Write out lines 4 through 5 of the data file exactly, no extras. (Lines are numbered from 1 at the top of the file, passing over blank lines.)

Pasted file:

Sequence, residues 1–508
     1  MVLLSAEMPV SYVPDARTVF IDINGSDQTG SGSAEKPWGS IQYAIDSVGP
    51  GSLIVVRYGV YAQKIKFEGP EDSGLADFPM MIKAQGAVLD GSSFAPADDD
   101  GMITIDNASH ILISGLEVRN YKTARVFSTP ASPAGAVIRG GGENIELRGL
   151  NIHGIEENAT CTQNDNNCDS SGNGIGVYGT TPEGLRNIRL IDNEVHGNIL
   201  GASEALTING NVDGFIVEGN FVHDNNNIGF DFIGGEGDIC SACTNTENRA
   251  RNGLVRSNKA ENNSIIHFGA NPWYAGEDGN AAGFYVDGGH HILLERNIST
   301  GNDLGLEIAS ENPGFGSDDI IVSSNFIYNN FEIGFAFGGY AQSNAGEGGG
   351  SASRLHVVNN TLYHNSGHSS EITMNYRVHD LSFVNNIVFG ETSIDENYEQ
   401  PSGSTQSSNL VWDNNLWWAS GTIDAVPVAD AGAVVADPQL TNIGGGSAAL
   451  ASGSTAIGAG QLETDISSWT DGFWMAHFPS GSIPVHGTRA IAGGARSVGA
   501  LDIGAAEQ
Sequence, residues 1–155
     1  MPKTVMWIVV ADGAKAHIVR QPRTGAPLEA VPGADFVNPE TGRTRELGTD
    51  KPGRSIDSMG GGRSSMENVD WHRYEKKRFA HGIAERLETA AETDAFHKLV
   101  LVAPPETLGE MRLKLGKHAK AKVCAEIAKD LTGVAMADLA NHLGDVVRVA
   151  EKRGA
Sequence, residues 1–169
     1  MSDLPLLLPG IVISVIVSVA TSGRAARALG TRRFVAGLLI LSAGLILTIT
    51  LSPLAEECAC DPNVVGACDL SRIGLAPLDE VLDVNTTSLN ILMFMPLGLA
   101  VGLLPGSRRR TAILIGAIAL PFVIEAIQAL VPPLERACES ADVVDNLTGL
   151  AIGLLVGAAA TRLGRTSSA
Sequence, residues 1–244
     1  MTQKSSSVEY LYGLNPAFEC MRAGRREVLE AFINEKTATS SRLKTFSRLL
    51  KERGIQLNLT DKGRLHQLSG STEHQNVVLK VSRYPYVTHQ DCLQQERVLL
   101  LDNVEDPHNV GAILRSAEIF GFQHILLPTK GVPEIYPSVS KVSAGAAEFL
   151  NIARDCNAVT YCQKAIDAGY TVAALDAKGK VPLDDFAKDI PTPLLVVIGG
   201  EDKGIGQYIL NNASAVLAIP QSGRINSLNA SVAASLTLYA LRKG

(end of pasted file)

   101  GMITIDNASH ILISGLEVRN YKTARVFSTP ASPAGAVIRG GGENIELRGL
   151  NIHGIEENAT CTQNDNNCDS SGNGIGVYGT TPEGLRNIRL IDNEVHGNIL